Just Talk to Each Other—Frequently and Directly

I spent a day last week discussing some difficult issues with a leadership team I'm a part of—issues we probably should have discussed a while ago, but hadn't. To facilitate the day we brought in The Sanctuary Institute—a group that helps organizations relieve "organizational stress", primarily through dialogue. As the day progressed it became clear that we had been avoiding quite a few conversations over the last year—more than we had likely anticipated. As a professional in the organizational consulting field, it felt odd to me, like we should have known better. We should have known that, over the last year, the real conversations weren't happening as we were getting busier and busier. We should have known that some of the trouble we were having was avoidable—if we'd only gotten it out on the table earlier.

Then I had an insight I've had no fewer than 2 dozens time in my career: the problem wasn't a knowledge problem. We all knew better. We'd helped clients with the same issues hundreds of times. Rather, we had an action problem. We didn't do anything about the fact that we saw issues. We didn't make it a priority to get on the same page and then regularly stay aligned. And because we didn't make it a priority, week-in and week-out, the conversations just got harder and harder to have.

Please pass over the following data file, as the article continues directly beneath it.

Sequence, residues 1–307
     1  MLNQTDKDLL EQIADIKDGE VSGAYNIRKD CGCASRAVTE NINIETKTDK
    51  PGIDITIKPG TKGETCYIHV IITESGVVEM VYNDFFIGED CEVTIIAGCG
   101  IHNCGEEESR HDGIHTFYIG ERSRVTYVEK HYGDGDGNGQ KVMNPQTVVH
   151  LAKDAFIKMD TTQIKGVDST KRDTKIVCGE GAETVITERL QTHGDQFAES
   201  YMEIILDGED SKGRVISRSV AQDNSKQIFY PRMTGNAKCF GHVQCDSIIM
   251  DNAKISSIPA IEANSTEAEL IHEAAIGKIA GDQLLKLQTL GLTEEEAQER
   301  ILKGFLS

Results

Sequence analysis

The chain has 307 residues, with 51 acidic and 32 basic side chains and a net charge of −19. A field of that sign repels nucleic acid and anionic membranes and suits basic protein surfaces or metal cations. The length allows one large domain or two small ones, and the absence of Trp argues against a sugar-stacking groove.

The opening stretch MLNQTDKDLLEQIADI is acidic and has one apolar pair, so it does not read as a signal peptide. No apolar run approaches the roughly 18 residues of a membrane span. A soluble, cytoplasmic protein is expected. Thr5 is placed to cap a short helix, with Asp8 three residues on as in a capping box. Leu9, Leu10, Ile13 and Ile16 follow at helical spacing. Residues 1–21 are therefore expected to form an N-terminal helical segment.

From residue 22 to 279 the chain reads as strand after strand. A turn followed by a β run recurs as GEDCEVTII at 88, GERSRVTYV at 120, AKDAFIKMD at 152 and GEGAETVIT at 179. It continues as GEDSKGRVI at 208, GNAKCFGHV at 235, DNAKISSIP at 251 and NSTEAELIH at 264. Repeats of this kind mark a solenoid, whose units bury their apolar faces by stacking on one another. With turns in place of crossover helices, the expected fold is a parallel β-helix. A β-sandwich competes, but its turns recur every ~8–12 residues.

As the session wrapped up a member of our team asked for advice on how to ensure these issues don't pile up in the future. "There's no silver bullet," was the response from the facilitator, "just talk to each other, in regular meetings like this—supportively, frequently, and directly. If you do, the issues will take care of themselves."

It was advice we'd given a hundred times. Yet somehow we were like shoemakers walking around without shoes.

Doug Sundheim is a leadership consultant, author, and speaker. He is currently working on a book on the topic of smart risk-taking. You can find him online at clarityconsulting.com and follow him on twitter @DougSundheim.

Add New Comment

1 Comments

  • David Kaiser

    Wow, it takes a lot of courage to admit that you sometimes fail to practice what you preach to clients. That also makes you human, and since you are willing to own your own struggles, that gives you more credibility, in my opinion.

    This is the second time I have read about Sanctuary in two days, the other being at Harvard Business Review: http://blogs.hbr.org/schwartz/... They seem to have struck an important nerve. I look forward to hearing more about them, it sounds like they are doing very important work.

    David Kaiser
    Executive Coach and CEO
    www.DarkMatterConsulting.com